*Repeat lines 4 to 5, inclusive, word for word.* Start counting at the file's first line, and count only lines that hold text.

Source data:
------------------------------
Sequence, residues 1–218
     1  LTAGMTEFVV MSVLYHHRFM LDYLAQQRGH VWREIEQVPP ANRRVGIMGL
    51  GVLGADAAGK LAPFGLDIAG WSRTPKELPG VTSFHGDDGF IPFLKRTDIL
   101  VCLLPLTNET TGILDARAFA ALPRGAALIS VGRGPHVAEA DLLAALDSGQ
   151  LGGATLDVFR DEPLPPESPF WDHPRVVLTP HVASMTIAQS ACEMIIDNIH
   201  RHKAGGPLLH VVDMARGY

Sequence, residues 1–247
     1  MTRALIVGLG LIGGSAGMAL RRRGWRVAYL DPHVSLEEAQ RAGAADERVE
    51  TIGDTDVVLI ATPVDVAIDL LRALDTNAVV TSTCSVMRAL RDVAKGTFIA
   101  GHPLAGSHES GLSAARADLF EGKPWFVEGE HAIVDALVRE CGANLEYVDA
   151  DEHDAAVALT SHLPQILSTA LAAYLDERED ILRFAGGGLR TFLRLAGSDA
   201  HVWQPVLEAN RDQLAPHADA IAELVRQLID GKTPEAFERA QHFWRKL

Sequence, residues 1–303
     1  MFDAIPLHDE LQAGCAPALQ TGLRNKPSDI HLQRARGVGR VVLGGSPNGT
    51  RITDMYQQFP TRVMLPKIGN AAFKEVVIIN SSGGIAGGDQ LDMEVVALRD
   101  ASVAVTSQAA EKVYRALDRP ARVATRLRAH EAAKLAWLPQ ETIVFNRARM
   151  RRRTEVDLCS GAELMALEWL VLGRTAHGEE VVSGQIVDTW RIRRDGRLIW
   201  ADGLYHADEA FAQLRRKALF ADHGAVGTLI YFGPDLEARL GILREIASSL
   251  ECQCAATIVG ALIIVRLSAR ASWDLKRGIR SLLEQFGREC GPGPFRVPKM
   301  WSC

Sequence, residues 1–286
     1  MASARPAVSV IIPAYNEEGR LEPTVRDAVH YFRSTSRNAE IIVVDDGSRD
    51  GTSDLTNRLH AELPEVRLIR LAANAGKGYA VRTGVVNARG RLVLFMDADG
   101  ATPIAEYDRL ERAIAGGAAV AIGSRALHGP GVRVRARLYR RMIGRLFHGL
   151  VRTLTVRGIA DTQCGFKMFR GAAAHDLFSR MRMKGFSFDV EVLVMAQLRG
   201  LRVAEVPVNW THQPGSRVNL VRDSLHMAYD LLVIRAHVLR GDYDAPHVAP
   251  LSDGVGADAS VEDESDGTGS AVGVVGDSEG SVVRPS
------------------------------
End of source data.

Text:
   101  VCLLPLTNET TGILDARAFA ALPRGAALIS VGRGPHVAEA DLLAALDSGQ
   151  LGGATLDVFR DEPLPPESPF WDHPRVVLTP HVASMTIAQS ACEMIIDNIH